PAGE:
Recent reminders that things that aren’t well founded don’t last no matter how settled they seem:
- It’s easy to forget how extraordinarily out of favor non-socialist ideas were when Hayek published The Road to Serfdom in 1944. Only 2,000 copies were published in England, and he had real trouble getting it published at all in the United States. He gave lectures in Europe and the U.S. and everywhere people would sidle up and say “I agree with every word, but I’m the only one and there’s no one I can talk to about these things.” After 45 years and millions more corpses communism collapsed, because it was a stupid and evil idea that couldn’t be made to work. Why shouldn’t the same thing happen to cultural Leftism? And would communism have collapsed faster if there had been talk radio and the Internet in 1944?
- The doctrine that there are no significant human differences administrators can’t manage out of existence, and that it’s wicked to suggest otherwise, is extremely durable. Managerial liberalism depends on it: if it were false then unmanaged society might not seem so unjust or comprehensive intervention to abolish the injustices so necessary. Still, one wonders whether a side-effect of globalization will be greater difficulty sweeping differences under the rug. There must be some significance to the fact that no more than 10,000 books were translated into Arabic over the entire past millennium, and that the spread of free markets and technology confirms the close connection between IQ and economic potential. Will hate speech laws, sensitivity training, and happy talk about diversity really be enough to overcome such things?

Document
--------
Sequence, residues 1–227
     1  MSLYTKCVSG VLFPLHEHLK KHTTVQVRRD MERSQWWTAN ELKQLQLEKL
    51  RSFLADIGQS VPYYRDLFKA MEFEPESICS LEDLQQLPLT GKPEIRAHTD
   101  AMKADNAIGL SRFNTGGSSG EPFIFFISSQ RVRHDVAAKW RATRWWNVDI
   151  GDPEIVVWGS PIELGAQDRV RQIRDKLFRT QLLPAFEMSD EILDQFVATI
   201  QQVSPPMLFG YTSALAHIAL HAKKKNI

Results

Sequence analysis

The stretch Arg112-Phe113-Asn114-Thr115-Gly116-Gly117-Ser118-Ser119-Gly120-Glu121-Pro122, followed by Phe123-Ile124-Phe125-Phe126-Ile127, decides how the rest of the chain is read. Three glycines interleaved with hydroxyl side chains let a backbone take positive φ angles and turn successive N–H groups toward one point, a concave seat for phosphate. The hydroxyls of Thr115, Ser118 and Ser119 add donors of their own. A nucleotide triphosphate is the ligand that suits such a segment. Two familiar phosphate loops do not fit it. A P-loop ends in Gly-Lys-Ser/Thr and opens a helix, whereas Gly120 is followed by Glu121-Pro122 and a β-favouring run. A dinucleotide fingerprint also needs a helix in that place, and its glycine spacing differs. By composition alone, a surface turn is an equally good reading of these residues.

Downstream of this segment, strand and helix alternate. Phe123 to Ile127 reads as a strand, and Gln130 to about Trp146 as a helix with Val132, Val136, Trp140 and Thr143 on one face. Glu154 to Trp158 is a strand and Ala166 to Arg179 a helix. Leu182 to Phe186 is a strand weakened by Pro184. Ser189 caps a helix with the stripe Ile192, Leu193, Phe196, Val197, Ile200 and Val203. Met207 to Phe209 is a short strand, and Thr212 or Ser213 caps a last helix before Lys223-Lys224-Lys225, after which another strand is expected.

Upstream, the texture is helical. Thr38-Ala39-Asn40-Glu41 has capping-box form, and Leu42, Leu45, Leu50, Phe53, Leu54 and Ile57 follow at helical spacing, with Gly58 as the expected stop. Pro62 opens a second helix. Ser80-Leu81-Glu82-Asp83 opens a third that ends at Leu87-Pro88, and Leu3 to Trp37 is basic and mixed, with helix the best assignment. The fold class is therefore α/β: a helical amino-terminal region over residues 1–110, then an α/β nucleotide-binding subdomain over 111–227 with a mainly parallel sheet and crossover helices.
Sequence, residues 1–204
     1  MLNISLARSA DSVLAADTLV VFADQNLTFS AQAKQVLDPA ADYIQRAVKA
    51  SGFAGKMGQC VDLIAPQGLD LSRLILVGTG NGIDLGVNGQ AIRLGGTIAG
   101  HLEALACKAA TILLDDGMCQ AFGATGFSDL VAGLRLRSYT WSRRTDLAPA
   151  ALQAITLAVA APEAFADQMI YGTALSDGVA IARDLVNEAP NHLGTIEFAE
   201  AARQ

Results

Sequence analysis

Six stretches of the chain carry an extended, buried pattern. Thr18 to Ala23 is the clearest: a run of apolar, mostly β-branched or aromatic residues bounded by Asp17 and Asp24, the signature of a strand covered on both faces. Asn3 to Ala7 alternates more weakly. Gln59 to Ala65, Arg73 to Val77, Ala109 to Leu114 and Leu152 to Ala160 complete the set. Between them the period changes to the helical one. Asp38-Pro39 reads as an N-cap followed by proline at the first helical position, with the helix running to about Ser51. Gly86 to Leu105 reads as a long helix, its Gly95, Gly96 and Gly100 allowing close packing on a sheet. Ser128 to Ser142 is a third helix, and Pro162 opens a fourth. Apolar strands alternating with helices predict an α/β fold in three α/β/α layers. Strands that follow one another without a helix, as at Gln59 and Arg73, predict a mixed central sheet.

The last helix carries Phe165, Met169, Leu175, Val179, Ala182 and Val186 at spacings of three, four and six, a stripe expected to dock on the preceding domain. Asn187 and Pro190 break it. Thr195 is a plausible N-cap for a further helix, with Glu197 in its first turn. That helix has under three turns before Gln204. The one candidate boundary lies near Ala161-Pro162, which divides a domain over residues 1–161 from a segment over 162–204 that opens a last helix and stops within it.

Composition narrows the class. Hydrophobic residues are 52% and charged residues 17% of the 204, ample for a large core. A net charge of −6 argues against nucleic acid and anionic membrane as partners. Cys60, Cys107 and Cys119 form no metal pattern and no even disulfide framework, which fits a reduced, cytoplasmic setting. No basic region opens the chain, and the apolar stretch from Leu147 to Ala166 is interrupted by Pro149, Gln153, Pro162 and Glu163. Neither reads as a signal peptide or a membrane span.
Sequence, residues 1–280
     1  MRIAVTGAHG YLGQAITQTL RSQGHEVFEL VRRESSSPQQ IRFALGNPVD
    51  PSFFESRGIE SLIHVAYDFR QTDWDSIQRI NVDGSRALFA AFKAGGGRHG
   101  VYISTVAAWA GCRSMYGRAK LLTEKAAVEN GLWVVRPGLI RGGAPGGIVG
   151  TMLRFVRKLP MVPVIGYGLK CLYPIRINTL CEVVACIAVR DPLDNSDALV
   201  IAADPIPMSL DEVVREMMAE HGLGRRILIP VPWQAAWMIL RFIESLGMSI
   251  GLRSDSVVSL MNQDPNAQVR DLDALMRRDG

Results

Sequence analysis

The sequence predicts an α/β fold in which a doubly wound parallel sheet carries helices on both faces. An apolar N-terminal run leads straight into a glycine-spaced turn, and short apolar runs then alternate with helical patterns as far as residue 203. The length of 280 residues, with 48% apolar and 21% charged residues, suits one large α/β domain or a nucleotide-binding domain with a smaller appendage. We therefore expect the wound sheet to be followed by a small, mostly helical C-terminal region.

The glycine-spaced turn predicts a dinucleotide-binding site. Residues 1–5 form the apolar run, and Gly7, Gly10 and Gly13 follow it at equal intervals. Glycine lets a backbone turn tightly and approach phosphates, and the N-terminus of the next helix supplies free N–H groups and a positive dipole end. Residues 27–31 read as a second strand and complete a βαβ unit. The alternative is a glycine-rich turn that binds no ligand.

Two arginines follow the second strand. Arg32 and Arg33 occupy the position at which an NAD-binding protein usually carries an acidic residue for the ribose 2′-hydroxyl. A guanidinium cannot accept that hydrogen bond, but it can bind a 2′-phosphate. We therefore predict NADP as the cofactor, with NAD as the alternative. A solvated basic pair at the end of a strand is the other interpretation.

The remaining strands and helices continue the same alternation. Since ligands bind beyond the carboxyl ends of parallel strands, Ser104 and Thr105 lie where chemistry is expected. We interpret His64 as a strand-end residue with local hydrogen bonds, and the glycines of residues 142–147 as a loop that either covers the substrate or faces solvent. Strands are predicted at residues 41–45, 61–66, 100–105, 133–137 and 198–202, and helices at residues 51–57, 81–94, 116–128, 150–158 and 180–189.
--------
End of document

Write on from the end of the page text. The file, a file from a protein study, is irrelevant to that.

- To an extent neo-conservatism has been an alliance between modernizing Jews loyal to their people and modernizing Catholics loyal to their Church. The two groups shared an interest in reconstructing America as a sort of universal nation that nonetheless retained basic principles of traditional moral order and provided a favorable setting for both Jews and Catholics to become respected and influential collectively and thrive individually without giving up too much of their traditions. To me it doesn’t seem a project that could work in the long run—it was too artificial, and there were too many inconsistent things to balance against each other. Now a movie (of all things!) is displaying some of the gaps that had to be papered over for the alliance to work: ‘The Passion’ and the Neocons. In a way I’m surprised that Jewish neocons are surprised—or still haven’t taken in—that the Passion just as it happened is absolutely central to the Christian and especially Catholic understanding of reality. But then I’m a Catholic and not a Jew, and it should never be surprising when it turns out that people haven’t understood each other in the least.